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The Penn State Penalties and the ACC

The world has had plenty of time to digest the NCAA’s penalties against Penn State.  While there is no question that the situation in Penn State was factually unprecedented, the NCAA will soon turn its attention to its more familiar tasks of punishing schools for secondary and major violations.  The ACC cares.  After all, Miami–one of the ACC’s marquee football programs–is likely “next up” in feeling the wrath of the newly emboldened NCAA leadership.

Actually, it should be noted that the NCAA, via its Presidents, imposed a new model for sanctions that imposed tougher penalties before the Penn State penalties were announced.  See http://www.cbssports.com/mcc/blogs/entry/24156338/34441353.  In many instances, the penalties for violations will be tougher than what USC received for its penalties even!   This new model is effective as of August 1, 2012.  It is not clear whether these new penalties will apply to Miami, who does not expect to receive its penalties until next Spring (i.e. 2013).

But those penalties should be fairly severe.  Miami’s violations occurred over a several-year period and were well-publicized.  Although it is not clear that the evidence is as strong as claimed by incarcerated-informant Nevin Shapiro, there are recent reports that violations continued after Al Golden took over as coach.  Needless to say, there is going to be a lot of fingernail chewing in Coral Gables until the NCAA issues its ruling.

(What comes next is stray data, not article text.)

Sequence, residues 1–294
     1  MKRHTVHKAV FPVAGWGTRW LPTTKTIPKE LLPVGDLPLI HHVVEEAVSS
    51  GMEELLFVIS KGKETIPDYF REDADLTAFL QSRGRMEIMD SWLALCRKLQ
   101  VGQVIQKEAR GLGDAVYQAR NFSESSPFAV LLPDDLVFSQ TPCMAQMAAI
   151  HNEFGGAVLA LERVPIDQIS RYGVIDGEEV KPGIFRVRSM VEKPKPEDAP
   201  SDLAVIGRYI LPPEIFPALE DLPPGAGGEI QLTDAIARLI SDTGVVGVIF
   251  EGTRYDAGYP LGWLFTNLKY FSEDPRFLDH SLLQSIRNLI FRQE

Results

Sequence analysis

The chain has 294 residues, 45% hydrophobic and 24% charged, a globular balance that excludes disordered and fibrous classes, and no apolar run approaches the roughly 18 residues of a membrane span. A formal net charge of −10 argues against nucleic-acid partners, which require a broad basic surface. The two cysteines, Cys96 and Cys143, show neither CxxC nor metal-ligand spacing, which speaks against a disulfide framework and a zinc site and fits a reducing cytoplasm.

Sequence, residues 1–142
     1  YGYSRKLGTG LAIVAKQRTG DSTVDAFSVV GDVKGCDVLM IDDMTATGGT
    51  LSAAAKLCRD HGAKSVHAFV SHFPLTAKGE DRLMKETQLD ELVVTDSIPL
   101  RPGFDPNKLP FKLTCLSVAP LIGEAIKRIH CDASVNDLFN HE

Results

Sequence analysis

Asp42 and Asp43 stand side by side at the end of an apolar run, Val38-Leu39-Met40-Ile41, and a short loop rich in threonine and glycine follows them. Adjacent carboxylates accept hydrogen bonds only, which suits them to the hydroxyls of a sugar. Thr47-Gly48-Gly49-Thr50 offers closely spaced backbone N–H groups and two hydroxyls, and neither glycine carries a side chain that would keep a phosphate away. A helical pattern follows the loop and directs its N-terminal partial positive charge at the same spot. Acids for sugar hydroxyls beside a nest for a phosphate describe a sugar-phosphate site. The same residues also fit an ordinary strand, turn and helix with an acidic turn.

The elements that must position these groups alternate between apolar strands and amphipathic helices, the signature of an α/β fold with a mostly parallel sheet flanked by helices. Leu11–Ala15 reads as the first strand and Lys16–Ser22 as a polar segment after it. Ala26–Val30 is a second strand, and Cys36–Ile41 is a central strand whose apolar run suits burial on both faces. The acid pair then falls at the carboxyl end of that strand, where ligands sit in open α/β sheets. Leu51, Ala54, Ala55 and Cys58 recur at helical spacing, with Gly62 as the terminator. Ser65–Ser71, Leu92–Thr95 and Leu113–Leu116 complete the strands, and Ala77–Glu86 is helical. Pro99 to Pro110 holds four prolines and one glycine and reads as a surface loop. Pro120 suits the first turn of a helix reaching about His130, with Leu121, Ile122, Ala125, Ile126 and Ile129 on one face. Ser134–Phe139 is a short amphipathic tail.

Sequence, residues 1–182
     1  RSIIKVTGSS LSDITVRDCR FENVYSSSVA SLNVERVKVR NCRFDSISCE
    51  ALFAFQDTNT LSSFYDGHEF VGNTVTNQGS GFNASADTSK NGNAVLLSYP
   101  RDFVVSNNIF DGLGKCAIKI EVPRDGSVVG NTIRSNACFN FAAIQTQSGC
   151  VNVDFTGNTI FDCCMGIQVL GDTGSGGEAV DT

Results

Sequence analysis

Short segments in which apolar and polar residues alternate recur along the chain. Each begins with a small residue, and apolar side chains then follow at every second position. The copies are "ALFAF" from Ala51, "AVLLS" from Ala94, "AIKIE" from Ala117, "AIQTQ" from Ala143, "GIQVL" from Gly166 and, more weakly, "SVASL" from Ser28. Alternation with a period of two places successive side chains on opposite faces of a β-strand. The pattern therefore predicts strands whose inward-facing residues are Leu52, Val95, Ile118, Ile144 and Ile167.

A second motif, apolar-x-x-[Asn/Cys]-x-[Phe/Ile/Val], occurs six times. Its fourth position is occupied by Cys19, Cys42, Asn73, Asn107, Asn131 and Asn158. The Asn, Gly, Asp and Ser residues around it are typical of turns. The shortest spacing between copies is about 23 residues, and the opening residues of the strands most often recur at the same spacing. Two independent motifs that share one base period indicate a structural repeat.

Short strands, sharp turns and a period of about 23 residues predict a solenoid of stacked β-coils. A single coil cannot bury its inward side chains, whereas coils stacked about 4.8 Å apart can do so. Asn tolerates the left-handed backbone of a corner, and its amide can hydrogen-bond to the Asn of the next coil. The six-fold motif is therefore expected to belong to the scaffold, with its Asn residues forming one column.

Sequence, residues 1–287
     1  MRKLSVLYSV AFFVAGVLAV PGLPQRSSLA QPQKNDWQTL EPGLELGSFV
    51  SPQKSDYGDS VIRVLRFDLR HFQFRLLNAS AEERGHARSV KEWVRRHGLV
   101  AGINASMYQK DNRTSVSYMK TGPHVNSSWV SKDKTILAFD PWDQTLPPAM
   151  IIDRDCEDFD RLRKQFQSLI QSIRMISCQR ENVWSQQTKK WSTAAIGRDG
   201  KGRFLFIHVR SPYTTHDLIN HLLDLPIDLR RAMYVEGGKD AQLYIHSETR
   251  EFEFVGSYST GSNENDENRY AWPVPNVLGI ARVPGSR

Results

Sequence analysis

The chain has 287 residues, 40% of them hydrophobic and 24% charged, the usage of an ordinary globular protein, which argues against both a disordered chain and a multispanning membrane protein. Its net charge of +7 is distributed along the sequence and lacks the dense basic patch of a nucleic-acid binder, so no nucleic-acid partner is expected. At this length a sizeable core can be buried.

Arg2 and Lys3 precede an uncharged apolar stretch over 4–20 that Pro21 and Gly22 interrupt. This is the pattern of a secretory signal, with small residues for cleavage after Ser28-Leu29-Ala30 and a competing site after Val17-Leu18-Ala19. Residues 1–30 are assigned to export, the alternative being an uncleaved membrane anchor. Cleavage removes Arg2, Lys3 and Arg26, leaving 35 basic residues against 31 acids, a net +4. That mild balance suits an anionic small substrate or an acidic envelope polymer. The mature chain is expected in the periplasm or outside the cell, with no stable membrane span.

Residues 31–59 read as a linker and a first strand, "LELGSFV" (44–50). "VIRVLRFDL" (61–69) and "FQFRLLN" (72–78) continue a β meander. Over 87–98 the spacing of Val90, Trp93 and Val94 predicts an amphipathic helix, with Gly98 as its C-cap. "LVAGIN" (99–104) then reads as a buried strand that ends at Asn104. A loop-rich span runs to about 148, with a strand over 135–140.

And, lest we forget, North Carolina was just issued penalties by the NCAA in May 2012.  Specifically, the NCAA ordered these as just part of its penalty for football violations:

  • Three years of probation from March 12, 2012, through March 11, 2015.
  • Three-year show-cause penalty for the former assistant football coach prohibiting any recruiting activity. The public report contains further details.
  • Postseason ban for the 2012 football season.
  • Reduction of football scholarships by a total of 15 during three academic years. The public report includes further details.
  • Vacation of wins during the 2008 and 2009 seasons (self-imposed by the university). The public report includes further details.

There is Internet scuttlebutt that a basketball scandal may now be brewing in Chapel Hill.  If so, the Tar Heels may find themselves in even bigger trouble.

And who knows what else is lurking out there for the NCAA to consider.  Although Penn State is not part of the ACC, the ACC needs to care about how the NCAA is punishing schools.

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